Nothing can be further from the truth. The gypsy language, Romani, is one of the ancient languages of the world, stemming from sanskrit which is spoken by more than fifteen million people around the world. It’s true that Spanish gypsies, along with the Portuguese, are the ones that know less of this language than other diasporas, since it had been disappearing as we became more of a sedentary group and we lacked the means to teach it to our children and develop it further. Nevertheless, millions of gypsies from all over Europe speak amongst themselves very fluently through that common language which, for historical reasons, has been able to persevere through the years.

It is for this particular reason the language gypsies all around the world have in common has been the subject of investigation used to determine the geographical origins of our people.

Some day, when we achieve the respect and consideration as our right as a people, we can raise some more ambitious goals for ourselves, one of which should be reviving our language and teaching said language to gypsy children in schools.

The enforcement of the Constitution

The 1978 Constitution of Spain established a democratic political régime which nowadays counts with the consent and support of the majority of its citizens.

Democracy successfully dealt with the secular conflict resolution of Spaniards that during our most recent history have been reasons of confrontation, and which also seemed unsolvable. These conflicts were, amongst others, the relation of church and state, etc.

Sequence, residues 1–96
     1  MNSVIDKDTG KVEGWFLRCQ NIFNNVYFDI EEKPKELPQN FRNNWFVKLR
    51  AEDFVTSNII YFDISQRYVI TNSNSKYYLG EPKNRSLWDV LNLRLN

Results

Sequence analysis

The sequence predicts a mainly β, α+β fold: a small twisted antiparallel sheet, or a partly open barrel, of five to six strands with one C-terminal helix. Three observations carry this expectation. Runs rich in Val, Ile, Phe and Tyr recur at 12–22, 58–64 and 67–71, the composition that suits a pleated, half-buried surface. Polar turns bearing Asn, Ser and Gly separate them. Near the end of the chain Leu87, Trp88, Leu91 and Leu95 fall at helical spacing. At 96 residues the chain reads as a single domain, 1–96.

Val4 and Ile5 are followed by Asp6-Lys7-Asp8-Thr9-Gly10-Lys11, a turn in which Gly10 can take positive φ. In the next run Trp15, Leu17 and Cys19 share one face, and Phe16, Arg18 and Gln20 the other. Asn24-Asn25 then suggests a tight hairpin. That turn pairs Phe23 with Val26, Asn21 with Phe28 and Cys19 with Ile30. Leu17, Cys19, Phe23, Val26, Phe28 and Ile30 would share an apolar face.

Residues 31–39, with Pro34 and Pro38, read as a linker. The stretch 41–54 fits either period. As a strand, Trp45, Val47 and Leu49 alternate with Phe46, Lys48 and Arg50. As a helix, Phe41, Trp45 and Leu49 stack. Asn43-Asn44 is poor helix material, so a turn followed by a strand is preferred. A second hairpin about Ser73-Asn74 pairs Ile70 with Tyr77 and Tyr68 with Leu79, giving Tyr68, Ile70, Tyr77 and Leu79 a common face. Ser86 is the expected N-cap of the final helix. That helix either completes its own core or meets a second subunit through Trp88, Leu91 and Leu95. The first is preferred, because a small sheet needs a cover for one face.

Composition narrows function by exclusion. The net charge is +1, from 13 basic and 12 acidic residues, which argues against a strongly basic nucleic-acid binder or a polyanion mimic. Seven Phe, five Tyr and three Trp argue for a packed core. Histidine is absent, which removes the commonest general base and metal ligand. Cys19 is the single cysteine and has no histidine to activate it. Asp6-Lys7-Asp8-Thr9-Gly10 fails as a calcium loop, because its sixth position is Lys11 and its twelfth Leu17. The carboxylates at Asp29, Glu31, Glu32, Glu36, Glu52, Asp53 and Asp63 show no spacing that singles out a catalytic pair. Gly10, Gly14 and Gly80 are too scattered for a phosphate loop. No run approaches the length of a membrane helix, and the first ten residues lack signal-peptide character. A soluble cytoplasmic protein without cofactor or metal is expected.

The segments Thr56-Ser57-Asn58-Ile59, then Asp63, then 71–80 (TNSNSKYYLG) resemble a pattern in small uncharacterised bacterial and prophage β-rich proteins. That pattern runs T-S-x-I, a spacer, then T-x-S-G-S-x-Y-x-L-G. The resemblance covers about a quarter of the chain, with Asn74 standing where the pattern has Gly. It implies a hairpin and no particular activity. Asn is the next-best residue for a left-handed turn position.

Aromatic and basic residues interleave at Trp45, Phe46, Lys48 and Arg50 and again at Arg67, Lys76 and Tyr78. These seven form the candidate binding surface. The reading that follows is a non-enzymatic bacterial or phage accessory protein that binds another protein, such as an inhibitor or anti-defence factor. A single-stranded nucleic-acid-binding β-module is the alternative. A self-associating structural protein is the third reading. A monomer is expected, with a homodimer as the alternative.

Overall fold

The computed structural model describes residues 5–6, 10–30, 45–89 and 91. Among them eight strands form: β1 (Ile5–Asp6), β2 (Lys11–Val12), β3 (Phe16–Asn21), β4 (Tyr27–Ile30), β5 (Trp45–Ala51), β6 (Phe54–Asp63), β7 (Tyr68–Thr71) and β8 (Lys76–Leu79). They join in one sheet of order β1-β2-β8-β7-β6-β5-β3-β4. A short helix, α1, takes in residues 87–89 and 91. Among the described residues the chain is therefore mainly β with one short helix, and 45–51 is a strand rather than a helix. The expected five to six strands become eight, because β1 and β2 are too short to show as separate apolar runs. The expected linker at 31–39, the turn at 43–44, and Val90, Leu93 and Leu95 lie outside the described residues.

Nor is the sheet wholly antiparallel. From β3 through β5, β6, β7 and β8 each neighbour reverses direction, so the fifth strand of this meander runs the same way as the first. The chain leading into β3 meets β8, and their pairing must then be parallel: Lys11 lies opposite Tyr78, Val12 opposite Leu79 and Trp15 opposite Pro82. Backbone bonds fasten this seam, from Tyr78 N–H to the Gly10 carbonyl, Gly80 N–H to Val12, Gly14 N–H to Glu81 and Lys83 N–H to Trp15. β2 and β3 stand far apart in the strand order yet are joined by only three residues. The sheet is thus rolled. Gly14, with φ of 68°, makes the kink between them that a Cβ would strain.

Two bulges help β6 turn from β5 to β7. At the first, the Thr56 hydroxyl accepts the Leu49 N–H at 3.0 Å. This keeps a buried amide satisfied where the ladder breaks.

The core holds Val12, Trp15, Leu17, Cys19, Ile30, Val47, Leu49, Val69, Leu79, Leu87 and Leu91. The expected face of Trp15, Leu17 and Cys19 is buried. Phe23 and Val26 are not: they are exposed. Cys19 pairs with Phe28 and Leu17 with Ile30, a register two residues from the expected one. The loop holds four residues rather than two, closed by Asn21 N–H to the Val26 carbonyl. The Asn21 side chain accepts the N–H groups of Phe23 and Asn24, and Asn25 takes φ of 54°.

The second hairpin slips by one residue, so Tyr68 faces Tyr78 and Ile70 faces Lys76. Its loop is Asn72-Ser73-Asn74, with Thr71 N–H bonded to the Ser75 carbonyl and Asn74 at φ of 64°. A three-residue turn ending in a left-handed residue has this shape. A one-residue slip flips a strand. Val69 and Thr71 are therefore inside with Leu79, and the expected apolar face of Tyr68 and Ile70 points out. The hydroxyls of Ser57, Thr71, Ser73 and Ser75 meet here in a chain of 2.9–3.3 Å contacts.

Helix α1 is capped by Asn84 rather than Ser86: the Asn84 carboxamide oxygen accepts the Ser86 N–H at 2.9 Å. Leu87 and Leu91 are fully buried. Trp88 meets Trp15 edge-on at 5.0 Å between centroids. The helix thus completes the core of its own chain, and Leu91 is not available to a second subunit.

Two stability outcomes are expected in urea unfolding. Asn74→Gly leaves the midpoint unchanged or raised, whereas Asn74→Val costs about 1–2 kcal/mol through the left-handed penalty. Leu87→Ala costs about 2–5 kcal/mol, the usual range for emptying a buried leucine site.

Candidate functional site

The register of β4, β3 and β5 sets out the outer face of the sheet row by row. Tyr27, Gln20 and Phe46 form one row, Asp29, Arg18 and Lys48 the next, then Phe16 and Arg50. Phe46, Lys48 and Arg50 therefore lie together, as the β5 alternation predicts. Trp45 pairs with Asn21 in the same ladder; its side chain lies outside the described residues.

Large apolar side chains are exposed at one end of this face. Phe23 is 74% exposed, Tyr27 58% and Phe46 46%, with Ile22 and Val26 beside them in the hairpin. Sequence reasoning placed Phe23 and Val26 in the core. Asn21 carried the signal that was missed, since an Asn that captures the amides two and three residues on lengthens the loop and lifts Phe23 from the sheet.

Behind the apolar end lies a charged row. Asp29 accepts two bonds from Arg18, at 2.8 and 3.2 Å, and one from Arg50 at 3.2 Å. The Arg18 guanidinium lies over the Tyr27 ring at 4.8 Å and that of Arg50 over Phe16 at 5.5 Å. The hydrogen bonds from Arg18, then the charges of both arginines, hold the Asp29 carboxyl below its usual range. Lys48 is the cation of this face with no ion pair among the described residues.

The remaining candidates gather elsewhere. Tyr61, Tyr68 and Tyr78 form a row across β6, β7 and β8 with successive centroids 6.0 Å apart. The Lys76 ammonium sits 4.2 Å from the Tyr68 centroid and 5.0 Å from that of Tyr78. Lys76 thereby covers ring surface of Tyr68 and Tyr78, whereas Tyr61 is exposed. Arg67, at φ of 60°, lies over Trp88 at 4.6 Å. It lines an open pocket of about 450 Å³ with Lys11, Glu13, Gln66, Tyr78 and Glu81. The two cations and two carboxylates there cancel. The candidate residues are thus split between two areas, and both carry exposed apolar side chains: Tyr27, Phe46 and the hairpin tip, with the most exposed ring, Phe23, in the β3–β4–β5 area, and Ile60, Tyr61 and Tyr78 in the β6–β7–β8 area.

The gypsy community, at least the ones that were more committed and aware, saw that for the first time in a long time possibilities would turn out to settle some of the great issues that were due , such as the normalization of the gypsy minority’s presence in the heart of Spanish society.

For us the gypsies, normalization meant to compatibilize the maintaining of our own differed identify with the de facto recognition and in the practice of our condition as Spanish citizens with everything that it entails. We believed that democratic institutions and the new spirit of tolerance, which seemed to impregnate Spanish society, would work as allies to change the course of our own history, which until this day has not been but a mere fight for survival.

Now, after fifteen years of democracy, the balance we can make is not only distressing but we are overwhelmed with the feeling of losing an opportunity which might not show up for many years to come.

The discourse given by Juan de Dios Ramírez-Heredia in the Congress of Deputies in 1985 could given today with no minor changes necessary. All the injustice and offenses he presented in that discourse can still be applied today, possibly with new issues and elements of injustice.